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Dartford teacher Richard Gregg describes horror of Barcelona attack

By Chris Hunter

A drama teacher has described how tourists fled the scene and police flooded the streets in the aftermath of the Barcelona terror attack.

Dartford man Richard Gregg and his boyfriend were just moments away from being caught up in the horrifying scenes yesterday, when a van driver ploughed into a crowd of people, killing 13 and injuring 100. 

The 46-year-old from the Phoenix Quarter estate in Dartford today described how he had attempted to get back to his apartment in the aftermath of the attack.

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Police near the seen of the attack. Picture Richard Gregg

Police near the seen of the attack. Picture: Richard Gregg

"We made our way through the back alleyways to where we were staying because we couldn't get up Las Ramblas because of the people moving in the other direction," he said. "When we got to the road where we were staying we were literally level to where the van had come to an end.
 
"We could see people on the floor, we could see them being attended to and the police were starting to flood the side streets, on foot and on motorbikes. We now know they were obviously looking for the driver of the van.
 
"Everyone was starting to panic a little bit. As we walked down the street there were groups of people running away from Las Ramblas, quite distressed. Police were in and out of all the side alleyways. We realised this was more than just a car accident and there was fairly major event going on. Helicopters started flying overhead."
 
 
Mr Gregg and his partner eventually made it back into his apartment, and stayed inside while police cordons were set up in the surrounding area.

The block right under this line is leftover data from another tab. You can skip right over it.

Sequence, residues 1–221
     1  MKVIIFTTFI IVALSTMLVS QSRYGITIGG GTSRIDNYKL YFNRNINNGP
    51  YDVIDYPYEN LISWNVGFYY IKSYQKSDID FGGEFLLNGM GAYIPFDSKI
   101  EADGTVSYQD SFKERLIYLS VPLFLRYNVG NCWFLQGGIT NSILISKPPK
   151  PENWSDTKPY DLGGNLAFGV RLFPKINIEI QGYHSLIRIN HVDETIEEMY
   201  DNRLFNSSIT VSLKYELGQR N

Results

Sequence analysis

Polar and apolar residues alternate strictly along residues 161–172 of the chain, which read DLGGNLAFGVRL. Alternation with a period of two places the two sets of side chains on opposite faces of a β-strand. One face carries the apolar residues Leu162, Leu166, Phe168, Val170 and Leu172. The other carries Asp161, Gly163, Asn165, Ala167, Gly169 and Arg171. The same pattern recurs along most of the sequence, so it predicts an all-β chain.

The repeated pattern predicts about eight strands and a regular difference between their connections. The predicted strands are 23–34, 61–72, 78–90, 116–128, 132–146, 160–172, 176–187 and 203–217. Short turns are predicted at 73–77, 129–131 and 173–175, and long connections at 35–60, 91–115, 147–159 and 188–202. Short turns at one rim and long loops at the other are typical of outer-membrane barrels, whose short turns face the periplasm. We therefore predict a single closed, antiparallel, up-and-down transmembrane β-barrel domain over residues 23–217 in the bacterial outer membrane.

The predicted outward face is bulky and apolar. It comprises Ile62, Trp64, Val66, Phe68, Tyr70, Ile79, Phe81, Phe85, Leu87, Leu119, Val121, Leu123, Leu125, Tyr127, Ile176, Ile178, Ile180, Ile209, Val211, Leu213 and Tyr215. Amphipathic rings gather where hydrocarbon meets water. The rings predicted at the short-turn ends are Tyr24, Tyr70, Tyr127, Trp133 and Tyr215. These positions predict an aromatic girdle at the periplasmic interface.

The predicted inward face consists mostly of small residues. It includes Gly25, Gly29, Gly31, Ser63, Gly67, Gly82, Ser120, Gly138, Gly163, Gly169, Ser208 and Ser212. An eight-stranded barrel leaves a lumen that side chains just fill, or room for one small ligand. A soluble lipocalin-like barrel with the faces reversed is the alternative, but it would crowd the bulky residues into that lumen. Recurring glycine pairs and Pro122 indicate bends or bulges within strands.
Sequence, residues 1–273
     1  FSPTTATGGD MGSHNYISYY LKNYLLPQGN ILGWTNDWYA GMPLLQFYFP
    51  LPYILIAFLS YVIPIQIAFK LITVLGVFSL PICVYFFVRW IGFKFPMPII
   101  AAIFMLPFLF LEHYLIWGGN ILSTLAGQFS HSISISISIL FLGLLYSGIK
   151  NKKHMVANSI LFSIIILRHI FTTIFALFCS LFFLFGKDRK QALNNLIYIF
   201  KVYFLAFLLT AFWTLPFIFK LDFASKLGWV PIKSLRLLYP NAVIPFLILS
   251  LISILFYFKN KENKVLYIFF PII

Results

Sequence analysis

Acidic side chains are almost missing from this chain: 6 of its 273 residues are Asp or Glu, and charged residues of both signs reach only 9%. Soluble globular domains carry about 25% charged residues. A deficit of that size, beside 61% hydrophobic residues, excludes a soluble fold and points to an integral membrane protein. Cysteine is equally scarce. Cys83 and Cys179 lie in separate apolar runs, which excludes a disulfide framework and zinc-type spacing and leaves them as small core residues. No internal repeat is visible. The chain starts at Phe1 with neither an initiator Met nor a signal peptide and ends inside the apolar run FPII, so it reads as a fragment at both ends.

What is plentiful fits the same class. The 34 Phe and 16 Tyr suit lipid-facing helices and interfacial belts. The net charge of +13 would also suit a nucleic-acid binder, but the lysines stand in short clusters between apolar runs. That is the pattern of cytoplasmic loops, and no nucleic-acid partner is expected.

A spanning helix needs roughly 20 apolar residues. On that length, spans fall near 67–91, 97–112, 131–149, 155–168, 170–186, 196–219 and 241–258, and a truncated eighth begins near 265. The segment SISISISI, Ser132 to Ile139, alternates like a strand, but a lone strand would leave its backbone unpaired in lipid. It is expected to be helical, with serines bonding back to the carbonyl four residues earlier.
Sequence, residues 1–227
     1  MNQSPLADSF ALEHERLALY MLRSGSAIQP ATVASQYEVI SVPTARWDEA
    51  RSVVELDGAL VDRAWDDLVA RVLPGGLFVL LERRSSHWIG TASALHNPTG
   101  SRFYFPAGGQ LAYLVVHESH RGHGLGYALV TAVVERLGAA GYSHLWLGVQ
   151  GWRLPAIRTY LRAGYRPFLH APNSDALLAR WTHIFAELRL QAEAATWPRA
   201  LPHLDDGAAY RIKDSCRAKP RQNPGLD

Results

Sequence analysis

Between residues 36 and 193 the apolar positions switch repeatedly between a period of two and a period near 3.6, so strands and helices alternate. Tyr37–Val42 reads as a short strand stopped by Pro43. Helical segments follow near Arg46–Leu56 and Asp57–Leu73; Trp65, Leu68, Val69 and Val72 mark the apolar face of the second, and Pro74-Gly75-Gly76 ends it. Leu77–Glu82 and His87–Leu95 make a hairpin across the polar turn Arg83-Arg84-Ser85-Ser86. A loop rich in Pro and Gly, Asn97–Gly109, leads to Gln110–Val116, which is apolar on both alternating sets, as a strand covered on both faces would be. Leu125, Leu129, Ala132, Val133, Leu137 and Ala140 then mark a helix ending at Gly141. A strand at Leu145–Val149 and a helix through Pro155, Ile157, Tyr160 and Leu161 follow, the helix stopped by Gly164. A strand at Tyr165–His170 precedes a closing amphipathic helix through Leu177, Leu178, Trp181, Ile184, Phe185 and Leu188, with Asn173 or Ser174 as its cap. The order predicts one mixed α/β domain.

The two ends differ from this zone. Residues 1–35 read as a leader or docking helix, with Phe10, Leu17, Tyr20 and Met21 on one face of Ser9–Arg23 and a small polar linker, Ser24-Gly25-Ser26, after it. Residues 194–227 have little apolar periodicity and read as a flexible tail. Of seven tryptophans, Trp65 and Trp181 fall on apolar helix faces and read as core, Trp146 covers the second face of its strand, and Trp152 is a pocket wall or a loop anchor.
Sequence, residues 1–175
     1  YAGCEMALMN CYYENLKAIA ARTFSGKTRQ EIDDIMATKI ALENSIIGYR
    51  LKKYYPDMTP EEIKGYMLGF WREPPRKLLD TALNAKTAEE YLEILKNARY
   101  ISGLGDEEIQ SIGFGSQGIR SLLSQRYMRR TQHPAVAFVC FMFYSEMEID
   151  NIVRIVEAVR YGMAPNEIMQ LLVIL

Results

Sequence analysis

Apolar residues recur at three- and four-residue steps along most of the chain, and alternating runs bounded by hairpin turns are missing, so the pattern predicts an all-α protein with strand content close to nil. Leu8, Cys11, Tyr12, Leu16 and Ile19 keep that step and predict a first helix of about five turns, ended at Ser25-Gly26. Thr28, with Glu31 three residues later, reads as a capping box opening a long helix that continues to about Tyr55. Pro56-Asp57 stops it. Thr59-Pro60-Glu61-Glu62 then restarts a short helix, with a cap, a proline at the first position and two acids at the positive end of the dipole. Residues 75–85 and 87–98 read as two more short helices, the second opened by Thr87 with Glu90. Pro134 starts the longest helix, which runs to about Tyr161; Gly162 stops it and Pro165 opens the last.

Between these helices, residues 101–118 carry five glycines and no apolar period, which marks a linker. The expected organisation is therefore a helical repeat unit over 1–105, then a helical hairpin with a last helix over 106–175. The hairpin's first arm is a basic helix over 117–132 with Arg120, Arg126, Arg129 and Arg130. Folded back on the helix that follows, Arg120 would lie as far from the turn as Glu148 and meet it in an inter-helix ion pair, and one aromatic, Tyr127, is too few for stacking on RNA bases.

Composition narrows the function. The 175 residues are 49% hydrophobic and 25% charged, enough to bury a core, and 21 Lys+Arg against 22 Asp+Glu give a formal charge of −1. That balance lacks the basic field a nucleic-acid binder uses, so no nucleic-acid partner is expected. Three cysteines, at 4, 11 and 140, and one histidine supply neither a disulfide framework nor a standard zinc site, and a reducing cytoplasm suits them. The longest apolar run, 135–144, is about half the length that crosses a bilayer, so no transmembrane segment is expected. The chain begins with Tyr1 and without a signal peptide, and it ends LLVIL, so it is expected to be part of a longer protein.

They remained there until this morning, when they were able to make their way out of the city to see friends. 
 
"The whole mood of the city was fairly on edge, fairly tense, but most places were closed and shut down," he added. "Bars that were open were very very quiet.
 
"This morning Las Ramblas was very busy - there's lots of international news crews there, but also a lot of tourists, a lot of public out walking down, although the mood is much quieter than it has been for the last few days. Placa de Catalunya is fairly deserted apart from the news crews and there's a very heavy police presence."
 
Police have since shot dead and killed five suspects in a linked attack in the coastal town of Cambrils, south-west of Barcelona, and reports today suggest an 18 year old has been arrested as the suspected van driver in the Las Ramblas attack.
"Its horrific what's happened in Las Ramblas, it's literally a street where there is no escape for pedestrians" - Richard Gregg
 
But Mr Gregg said the events would not force them to abandon their holiday.

"We're due to come home on Monday. We're planning to stay in Barcelona until then," he said. "We feel as safe as you'd feel anywhere. I guess at the moment there's such a heavy police presence now that we feel fairly secure.
 
"It hasn't put us off travelling and it hasn't put us off coming to places like Barcelona.  At the end of the day these events can happen anywhere, you can never mitigate against them. You can never predict where they're going to be.
 
But he added: "Its horrific what's happened in Las Ramblas, it's literally a street where there is no escape for pedestrians. There are roads either side with big pedestrian avenue down the middle. With the van coming down at speed there would be nowhere to run.
"It's just absolutely horrific.

"We're just really grateful that we were two minutes later than the attack. Two minutes earlier we would have literally been headed to the exact spot where that van ended and could well have been victims." 

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